Alberto Gonzales Memoir: What To Expect

I'm just giddy at the thought that former Attorney General Alberto Gonzales is going to grace the world of letters and pen some sort of memoir -- a 'tell all' which, if things hold true to form with the Accepted Traditions of Alberto Gonzales, will likely tell us very little about what went on in his Justice Department and the extent to which Gonzales was responsible.

Fittingly, Gonzo hasn't been able to get a job since departing the White House, because, as the Wall Street Journal mildly puts it, most law firms are "skittish" about hiring someone with his reputation. And in America, when you cannot find a group of lawyers to stand by you, that's saying something. Even Rod Blagojevich has a lawyer, who thinks Blago is "fun." The drive to produce a book likely stems from these post-White House blues, something Gonzales seems to acknowledge:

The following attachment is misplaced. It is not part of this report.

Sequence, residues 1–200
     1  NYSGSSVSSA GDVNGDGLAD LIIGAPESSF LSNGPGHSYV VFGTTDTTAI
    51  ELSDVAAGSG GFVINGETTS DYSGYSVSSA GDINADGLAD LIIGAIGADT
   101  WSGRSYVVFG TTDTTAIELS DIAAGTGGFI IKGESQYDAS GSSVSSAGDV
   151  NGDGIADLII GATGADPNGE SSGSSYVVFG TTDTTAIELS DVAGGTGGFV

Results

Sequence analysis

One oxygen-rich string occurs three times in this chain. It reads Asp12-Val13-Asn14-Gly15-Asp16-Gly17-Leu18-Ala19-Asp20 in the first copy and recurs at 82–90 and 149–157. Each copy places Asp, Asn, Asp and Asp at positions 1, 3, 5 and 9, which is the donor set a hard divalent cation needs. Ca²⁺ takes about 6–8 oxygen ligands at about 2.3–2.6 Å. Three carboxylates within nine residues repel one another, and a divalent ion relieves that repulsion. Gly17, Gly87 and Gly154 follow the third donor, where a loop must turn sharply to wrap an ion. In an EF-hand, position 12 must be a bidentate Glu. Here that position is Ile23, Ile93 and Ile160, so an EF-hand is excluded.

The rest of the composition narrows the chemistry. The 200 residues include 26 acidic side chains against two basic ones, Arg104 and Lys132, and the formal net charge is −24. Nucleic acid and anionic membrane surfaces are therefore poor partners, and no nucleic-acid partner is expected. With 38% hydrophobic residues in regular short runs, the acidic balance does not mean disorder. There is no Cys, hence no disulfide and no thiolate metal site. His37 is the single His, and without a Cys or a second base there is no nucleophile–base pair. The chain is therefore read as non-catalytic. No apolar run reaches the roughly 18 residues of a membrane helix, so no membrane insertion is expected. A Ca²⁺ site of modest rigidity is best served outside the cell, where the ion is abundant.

"What is it that I did that is so fundamentally wrong, that deserves this kind of response to my service?" he said during an interview Tuesday, offering his most extensive comments since leaving government.

What did Gonzo do? Let's revisit that subject with this lovely Venn Diagram produced by Slate. Note who is at the center of it all (you can get further interactive information by clicking here).

Given that Gonzales was positioned at the dead center of every major scandal that has, as Slate's Dahlia Lithwick once put it, "demoralized" the Justice Department, you'd expect any book about his time at the DOJ to be a gripping read. Nevertheless, I think it's safe to say that Gonzales' book will begin with the story about how Monica Goodling bolstered his spirits by tossing him apples, followed by fifteen chapters detailing his failure to remember anything. The end.